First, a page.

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Last Updated: Friday, 1 July, 2005, 16:37 GMT 17:37 UK
The Magazine Monitor


Welcome to The Magazine Monitor, the home for many ever-popular features, including your letters and :

  • MON: Si's riddle
  • WEDS: Punorama
  • THURS: Caption comp
  • FRI: Friday Objective
  • SAT: 10 things we didn't know this time last week


    10 THINGS
    10 pairs of sunglasses by Tony Crowther

    Snippets harvested from the week's news, chopped, sliced and diced for your weekend convenience.

    1. President Richard Nixon once called Indian prime minister Indira Gandhi a "witch".

    2. Wimbledon's oldest surviving champion, Phyllis King, 99, won a gold medal and a 10 shopping voucher.

    3. The technology which uncovered a new da Vinci sketch was designed to spot tanks on the battlefield.

    4. Glastonbury sewage has such a high alcohol content that the raised ammonia level causes problems at the local sewage plant.

    5. Noel Gallagher is reading his first book, Dan Brown's Angels and Demons.

    6. Harry Potter is used at Guantanamo Bay. US Congress members who visited said an interrogator read the boy wizard's adventures aloud for hours until the detainee put his hands over his ears.
    More details

    7. Oliver Twist is very popular in China, where its title is translated as Foggy City Orphan.

    8. Newborn dolphins and killer whales don't sleep for a month, according to research carried out by University of California.

    9. Paul Winchell, who gave the Disney Tigger his voice, was also an inventor, patenting an artificial heart in 1963.
    More details

    10. The Vatican no longer has a "Devil's Advocate" - the role of arguing against the canonisation of a particular individual. Pope John Paul II abolished the post in 1983.

    If you spot anything that should be included next week, use the form below to tell us about it.

    Your e-mail address
    Your thing and where you saw it

    The BBC may edit your comments and not all emails will be published. Your comments may be published on any BBC media worldwide.


    Artist Mark McGowan - the man who rolled a monkey nut across London with his nose and pulled a bus with his big toe - has returned with a stunningly complex new work: a running tap.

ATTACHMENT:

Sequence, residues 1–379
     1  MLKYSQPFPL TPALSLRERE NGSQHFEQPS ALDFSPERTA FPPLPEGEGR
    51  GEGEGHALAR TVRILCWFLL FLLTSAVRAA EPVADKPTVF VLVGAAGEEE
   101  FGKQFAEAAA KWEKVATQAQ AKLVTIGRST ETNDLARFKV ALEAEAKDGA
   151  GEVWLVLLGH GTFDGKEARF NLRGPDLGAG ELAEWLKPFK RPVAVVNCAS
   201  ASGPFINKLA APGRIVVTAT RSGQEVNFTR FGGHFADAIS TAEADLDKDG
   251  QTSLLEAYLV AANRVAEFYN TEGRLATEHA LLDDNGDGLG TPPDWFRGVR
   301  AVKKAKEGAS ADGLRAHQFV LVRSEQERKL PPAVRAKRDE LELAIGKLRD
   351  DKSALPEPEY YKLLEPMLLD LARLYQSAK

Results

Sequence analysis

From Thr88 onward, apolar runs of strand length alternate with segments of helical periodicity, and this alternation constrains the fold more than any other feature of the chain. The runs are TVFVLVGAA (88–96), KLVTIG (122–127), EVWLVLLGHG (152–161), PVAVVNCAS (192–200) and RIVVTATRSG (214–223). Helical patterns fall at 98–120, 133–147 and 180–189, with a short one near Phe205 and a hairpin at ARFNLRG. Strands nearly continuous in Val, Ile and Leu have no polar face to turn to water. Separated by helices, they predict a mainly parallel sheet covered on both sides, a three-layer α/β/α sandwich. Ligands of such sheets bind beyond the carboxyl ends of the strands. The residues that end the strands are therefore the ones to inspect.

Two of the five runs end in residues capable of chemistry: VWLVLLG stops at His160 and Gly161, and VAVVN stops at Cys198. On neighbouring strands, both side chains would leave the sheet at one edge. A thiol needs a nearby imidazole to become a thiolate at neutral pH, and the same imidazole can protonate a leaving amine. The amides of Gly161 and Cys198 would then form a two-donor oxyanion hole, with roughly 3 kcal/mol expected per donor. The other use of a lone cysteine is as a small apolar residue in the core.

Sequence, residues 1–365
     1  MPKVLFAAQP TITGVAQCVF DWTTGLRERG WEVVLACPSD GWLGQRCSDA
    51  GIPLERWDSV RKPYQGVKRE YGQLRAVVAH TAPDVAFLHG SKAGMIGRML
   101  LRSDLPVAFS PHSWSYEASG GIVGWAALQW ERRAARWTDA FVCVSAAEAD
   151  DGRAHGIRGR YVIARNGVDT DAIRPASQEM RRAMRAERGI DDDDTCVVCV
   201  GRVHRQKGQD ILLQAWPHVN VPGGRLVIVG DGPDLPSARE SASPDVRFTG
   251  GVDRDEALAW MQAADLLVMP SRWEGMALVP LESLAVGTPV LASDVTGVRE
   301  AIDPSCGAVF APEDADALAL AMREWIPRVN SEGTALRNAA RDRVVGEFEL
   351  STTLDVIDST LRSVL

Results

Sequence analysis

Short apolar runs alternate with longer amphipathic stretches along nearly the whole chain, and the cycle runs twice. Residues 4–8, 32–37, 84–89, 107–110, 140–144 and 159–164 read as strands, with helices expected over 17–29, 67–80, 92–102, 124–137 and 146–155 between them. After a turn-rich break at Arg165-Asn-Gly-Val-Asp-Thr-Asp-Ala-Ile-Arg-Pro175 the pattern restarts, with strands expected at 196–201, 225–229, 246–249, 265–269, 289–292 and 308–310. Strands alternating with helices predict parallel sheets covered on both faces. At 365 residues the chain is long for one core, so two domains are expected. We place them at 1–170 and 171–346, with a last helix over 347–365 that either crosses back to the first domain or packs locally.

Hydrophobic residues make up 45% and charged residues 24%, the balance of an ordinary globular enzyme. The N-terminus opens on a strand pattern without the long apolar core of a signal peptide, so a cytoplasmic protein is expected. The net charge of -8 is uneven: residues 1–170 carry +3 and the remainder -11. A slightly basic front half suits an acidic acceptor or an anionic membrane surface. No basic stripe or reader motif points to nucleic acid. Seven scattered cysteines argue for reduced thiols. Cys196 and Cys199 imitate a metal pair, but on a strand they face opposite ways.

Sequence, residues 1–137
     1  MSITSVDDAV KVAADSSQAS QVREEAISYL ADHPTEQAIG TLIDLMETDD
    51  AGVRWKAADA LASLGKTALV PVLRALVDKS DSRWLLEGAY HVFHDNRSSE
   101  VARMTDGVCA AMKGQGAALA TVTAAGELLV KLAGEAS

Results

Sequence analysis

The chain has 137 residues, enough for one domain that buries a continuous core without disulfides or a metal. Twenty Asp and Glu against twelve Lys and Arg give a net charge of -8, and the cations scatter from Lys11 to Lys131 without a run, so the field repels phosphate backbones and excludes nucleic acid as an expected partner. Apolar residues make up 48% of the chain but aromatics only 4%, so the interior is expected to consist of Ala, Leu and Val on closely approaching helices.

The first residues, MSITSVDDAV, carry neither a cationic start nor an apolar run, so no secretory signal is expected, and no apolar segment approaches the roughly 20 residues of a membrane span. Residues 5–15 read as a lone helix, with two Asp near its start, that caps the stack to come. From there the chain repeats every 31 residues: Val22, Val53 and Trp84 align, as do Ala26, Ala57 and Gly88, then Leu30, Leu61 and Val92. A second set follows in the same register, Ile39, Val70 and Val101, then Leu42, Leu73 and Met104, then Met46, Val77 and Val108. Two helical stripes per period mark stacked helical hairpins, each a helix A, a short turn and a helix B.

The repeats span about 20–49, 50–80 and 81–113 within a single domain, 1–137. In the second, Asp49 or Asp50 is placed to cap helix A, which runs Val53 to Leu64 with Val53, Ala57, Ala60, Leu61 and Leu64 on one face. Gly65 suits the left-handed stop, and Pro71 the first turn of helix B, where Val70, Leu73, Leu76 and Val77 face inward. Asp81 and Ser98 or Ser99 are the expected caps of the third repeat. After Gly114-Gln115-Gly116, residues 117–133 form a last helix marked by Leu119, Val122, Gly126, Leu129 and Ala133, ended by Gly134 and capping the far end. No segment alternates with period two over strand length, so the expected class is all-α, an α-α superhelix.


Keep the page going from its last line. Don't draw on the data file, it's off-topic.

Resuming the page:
McGowan turned on an ordinary kitchen tap at a gallery in south London and will leave it running for a year - thereby wasting 15 million litres of water.

    McGowan says the art work "will save water by highlighting the waste of water".

    Hmm. We think Magazine readers can come up with something better than that. So, donning your critic's cap, give us a serious, entirely credible interpretation of this formidable exhibit. The best are posted here throughout the afternoon.

    Ashes to ashes, dust to dust, and reservoir to sewer. As this simple installation reminds us, such is the lot of our lives. But simplicity does not preclude complexity. Having the water spill into a porcelain sink subverts both the irony Modern Art (a useful sink versus a useless Duchampian icon or a urinal) and Classical Art (water and the concomitant lack of colour versus centuries of watercolours and aqueous pigments).
    Tim Francis-Wright, US

    For the next month, the meaning will be as described. Then, when the water supply runs out, the meaning will be of dispair from the drought. Following on from that exhibit will be a life-model of "Tarred and Feathered Artist" by Disgruntled and Thirsty Public
    Stephen Buxton, Coventry, UK, thelbq.co.uk

    The water emerges from the pipes of London, pours into the sinks, swirls for a second in the warm glow of the spotlight, and is then lost back into obscurity. Thus is the life of a Turner Prize winner.
    S Murray, Chester, UK